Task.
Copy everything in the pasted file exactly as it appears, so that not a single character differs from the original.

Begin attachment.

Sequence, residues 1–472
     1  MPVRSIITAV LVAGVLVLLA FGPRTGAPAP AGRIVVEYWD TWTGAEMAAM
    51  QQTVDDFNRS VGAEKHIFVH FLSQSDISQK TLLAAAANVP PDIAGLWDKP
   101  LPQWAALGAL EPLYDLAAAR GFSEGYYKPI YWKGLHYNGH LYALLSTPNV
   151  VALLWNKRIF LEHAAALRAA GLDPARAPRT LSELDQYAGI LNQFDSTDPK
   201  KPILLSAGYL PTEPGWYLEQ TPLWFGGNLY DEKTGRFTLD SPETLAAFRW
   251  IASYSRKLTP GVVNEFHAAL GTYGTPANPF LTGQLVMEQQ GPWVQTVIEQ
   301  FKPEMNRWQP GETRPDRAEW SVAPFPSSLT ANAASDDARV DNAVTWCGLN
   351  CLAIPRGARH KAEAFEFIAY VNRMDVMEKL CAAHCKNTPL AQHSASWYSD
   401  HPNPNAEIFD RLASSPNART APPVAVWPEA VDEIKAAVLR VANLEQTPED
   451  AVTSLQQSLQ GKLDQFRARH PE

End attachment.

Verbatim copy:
Sequence, residues 1–472
     1  MPVRSIITAV LVAGVLVLLA FGPRTGAPAP AGRIVVEYWD TWTGAEMAAM
    51  QQTVDDFNRS VGAEKHIFVH FLSQSDISQK TLLAAAANVP PDIAGLWDKP
   101  LPQWAALGAL EPLYDLAAAR GFSEGYYKPI YWKGLHYNGH LYALLSTPNV
   151  VALLWNKRIF LEHAAALRAA GLDPARAPRT LSELDQYAGI LNQFDSTDPK
   201  KPILLSAGYL PTEPGWYLEQ TPLWFGGNLY DEKTGRFTLD SPETLAAFRW
   251  IASYSRKLTP GVVNEFHAAL GTYGTPANPF LTGQLVMEQQ GPWVQTVIEQ
   301  FKPEMNRWQP GETRPDRAEW SVAPFPSSLT ANAASDDARV DNAVTWCGLN
   351  CLAIPRGARH KAEAFEFIAY VNRMDVMEKL CAAHCKNTPL AQHSASWYSD
   401  HPNPNAEIFD RLASSPNART APPVAVWPEA VDEIKAAVLR VANLEQTPED
   451  AVTSLQQSLQ GKLDQFRARH PE